Among the many marketing tools you have available to incorporate into your personal chef marketing strategy is video–specifically YouTube. Food videos are huge. According to a 2014 story in BloombergBusiness, subscriptions to the 300 most-viewed food channels on YouTube more than tripled in 2013 over the previous year and views of videos on those channels jumped 59 percent, according to an analysis by Google.

And, let’s face it, the appetite, as it were for food videos, has only continued to grow. And it’s not just YouTube. If you’re on Facebook you can’t help but be blasted with food videos on your feed. As The Wall Street Journal reported in November 2015, “Indeed, if there’s a killer content category in these still early days of Facebook’s video platform, it’s food videos, say publishers and content creators.”

For APPCA member chef Anne Blankenship of Designed Cuisine in Dallas, it took a conversation with another local personal chef who had been a graphic designer and is a wealth of information about “technie stuff” to inspire her. “Try as I might, it is so hard to keep up with all the stuff and understand it and how to use it,” Blankenship said. “But because of her suggestions, I got myself motivated to try and do some of what we discussed. She has only been in business two years so I know this is the type of thing that is helping her business. Things like creating an Instagram account (in the name of my business) and using it; updating my Facebook page as often as possible; doing a blog on my website; updating my keywords on my website; creating a Twitter account and using it; getting reviews on Yelp; doing a video, uploading it to YouTube (creating the YouTube account in the name of my PC business), and then imbedding that link in my website, etc.”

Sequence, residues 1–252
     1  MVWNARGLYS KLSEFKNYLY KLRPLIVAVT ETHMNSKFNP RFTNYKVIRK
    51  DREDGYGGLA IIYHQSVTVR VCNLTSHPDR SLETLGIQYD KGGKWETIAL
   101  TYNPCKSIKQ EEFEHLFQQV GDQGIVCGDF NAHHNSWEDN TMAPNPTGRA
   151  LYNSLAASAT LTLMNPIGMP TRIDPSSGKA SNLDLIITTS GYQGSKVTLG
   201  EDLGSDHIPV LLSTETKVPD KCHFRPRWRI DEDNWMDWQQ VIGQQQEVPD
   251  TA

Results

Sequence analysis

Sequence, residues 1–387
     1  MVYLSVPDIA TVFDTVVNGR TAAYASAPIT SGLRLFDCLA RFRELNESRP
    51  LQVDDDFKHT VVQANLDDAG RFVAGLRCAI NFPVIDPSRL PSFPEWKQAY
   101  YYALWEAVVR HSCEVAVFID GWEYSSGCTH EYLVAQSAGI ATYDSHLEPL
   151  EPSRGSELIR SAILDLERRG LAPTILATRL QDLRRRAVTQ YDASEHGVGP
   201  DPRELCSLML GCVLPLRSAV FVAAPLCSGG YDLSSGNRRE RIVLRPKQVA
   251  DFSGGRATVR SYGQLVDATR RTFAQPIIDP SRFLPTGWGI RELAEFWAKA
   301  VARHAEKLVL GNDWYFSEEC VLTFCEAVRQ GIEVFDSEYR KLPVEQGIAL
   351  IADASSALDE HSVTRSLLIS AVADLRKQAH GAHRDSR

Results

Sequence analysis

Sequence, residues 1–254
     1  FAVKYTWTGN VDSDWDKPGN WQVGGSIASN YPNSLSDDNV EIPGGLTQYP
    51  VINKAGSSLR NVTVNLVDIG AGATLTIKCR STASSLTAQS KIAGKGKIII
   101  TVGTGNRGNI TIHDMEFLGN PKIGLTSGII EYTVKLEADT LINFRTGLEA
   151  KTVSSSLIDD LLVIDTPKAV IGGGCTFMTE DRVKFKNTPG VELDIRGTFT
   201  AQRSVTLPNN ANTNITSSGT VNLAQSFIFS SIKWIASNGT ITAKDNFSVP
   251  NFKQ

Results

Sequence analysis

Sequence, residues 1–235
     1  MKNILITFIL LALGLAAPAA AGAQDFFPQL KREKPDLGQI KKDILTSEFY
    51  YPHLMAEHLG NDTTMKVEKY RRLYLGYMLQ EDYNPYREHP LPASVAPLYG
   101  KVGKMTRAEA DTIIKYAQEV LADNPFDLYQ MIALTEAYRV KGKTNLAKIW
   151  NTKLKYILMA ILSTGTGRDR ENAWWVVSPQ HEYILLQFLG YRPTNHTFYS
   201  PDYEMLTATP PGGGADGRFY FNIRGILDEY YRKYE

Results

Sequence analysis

Blankenship has been doing cooking demos at the Dallas flagship Williams-Sonoma and got a friend of hers to video of one of the demos, which is now posted on YouTube.

Now she’s working on how to do with at home that looks professional. She paid 99 cents for an app called CP Pro to help edit videos. Her goal is to create seasonal pieces on YouTube to link to her website.

There are a few ways you can go with video. One is to be in it yourself, chatting to your audience as you demonstrate how to make a dish. Here’s a great example of this from APPCA member Nicole Gaffney, who has created a fab YouTube channel called Coley Cooks:

Gaffney is engaging and enthusiastic about her subject. This video, less than a minute, is part of her quick tips series. She does others at around two minutes to demonstrate recipes.

“I guess the best piece of advice would be to just go for it!” she said. “Just make videos and put them up there and see what happens – that’s pretty much been my strategy. That, and don’t make them too long. No one has the attention span to sit through a 10-minute cooking video. And try to make them as entertaining as possible, because again, people have short attention spans.”

How long? “I think a minute or two is best,” Gaffney said.